Is this Amarillo’s Oldest Tree – and how much history can we learn from it?

– L. Arthalia Cravin

This gigantic tree is located at 520 SW 5th Street in Amarillo-at the corner of NW 5th and South Monroe. It is by far the largest tree that I have seen in Amarillo. I would hate for any of these huge limbs to ever fall on this house. But beyond that, what can this tree teach us about some of Amarillo’s history?

We are often urged to “plant a tree” to remind future generations of the passage of time. Not too long ago I planted a Pinion Pine in my back yard. The nursery told that the tree should grow about 6 inches a year. Well, given its slow growth rate I will be gone on to glory before the tree reaches 10 feet tall. But, whoever becomes the owner of this property in years to come hopefully will appreciate the shade and the beauty I tried to bestow upon this yard. And, I hope that when the future owners of this property look at their Pinion Pine that they will remember who planted it. But probably not. Who remembers who plants trees?

But I do wonder who planted this gigantic Chinese Elm on 5th Street. The county appraisal records say that the house was built in 1939. So if the tree was planted when the house was built this tree is now almost 75 years old. But on the other hand, maybe the tree was there first and beckoned the homeowner to “build here.” Whichever, this tree has aged well. And if this tree could talk it could tell us a lot about how Amarillo grew. It could tell us a lot about when 5th Street was named, when it was bricked, because this is one of the areas where the streets are still brick. This tree could also tell us when Monroe Street was named and paved. We know it was named for our 5th President James Monroe who served from 1817 to 1825. But this tree could also tell us a lot more about how Amarillo grew from the old Bowery district that was bounded by First and Third streets and Buchanan an Grants Street, an area that back in the early 1900s had half a dozen brothels—uh, whore houses. The Bowery district faded away after church leaders protested the area and Prohibition in 1911. What replaced the older Bowery district are the remnants of the light industrial buildings that currently surround the immediate areas where this tree is located.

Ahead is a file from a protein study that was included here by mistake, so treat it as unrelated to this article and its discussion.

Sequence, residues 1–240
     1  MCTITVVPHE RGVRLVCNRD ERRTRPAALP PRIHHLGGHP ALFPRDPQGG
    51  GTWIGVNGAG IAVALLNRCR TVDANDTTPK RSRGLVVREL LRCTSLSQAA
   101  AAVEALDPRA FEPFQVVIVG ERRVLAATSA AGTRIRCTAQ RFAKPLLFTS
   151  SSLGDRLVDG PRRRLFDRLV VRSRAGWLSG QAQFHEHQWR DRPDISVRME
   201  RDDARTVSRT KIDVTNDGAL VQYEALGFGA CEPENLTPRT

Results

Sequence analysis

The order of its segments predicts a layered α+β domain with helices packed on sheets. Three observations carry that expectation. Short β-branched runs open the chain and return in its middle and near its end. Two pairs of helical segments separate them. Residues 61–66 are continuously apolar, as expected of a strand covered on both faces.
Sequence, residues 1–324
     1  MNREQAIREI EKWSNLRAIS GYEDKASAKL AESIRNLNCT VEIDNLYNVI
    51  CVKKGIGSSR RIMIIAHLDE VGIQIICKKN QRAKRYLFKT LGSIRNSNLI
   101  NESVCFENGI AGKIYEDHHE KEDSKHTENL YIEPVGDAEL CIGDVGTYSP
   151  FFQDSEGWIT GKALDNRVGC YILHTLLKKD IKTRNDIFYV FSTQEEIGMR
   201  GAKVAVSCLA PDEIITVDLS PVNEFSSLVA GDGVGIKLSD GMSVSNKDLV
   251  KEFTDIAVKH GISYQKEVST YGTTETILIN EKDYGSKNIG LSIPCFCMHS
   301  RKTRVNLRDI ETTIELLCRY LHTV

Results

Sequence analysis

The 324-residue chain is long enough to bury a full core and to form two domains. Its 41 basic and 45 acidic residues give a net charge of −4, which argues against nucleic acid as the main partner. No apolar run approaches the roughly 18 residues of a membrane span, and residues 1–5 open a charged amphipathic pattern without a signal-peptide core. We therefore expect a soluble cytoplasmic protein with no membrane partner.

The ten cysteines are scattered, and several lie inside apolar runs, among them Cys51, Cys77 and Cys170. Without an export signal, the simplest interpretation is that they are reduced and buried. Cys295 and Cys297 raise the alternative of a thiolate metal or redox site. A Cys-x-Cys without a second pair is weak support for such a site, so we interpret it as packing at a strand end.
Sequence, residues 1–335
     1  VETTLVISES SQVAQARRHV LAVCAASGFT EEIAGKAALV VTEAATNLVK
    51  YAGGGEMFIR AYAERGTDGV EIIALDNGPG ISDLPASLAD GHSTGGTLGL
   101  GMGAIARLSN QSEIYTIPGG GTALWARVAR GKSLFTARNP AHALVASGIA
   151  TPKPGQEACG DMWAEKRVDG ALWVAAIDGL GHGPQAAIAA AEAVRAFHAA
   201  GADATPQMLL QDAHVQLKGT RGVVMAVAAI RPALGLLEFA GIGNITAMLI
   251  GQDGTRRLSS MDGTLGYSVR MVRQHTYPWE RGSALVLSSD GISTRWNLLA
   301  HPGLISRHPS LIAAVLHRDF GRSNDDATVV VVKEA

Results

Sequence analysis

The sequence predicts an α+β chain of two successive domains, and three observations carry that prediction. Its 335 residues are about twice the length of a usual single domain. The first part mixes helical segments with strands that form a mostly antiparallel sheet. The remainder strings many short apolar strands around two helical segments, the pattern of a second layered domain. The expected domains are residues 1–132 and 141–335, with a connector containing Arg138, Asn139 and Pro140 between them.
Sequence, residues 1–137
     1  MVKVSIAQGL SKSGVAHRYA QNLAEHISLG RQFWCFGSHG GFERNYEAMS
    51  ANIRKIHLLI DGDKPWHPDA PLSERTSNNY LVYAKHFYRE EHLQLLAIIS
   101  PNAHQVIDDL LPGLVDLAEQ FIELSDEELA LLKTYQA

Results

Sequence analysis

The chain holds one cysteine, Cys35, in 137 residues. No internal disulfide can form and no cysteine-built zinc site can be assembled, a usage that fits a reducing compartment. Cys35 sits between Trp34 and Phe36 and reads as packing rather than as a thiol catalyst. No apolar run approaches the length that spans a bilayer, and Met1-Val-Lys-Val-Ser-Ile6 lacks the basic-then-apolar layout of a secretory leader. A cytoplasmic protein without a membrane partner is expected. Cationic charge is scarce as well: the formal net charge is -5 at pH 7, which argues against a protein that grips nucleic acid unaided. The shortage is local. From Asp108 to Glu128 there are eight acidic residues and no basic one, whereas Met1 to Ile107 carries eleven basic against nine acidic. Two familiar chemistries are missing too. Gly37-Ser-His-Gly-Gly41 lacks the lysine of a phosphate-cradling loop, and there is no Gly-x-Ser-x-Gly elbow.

This tree could probably tell us a lot about how Amarillo’s population grew over time, from a population of 482 in 1890, to 1442 in 1990, to well over 50,000 in 1940. This 75 year old tree has witnessed Amarillo’s population continue to grow, from 149,230 in 1980 to 173,627 in 2000 to its current estimated population of 190,695 in 2010–and still growing.

But I still wonder about the person who planted this tree. What is their Amarillo family legacy? Who are the great grandsons and granddaughters of the person who planted the small twig that eventually became this massive tree? Are there pictures anywhere in old photo albums of children who lived at this house and played under this tree as it grew and grew? If this tree could talk what secrets would it reveal?What has keept this tree growing for so long while other Elms all across town have already been reduced to firewood?

It takes a massive tree for us humans to be reminded that “only God can make a tree.” This tree should be a reminder to all of Amarillo that God indeed—still is.

Copyright 2012 – L. Arthalia Cravin. All rights Reserved. No part of this commentary may be reproduced, stored in a retrieval system, or transmitted by any means, electronic, mechanical, photocopying, recording, or otherwise, without written permission from the author.

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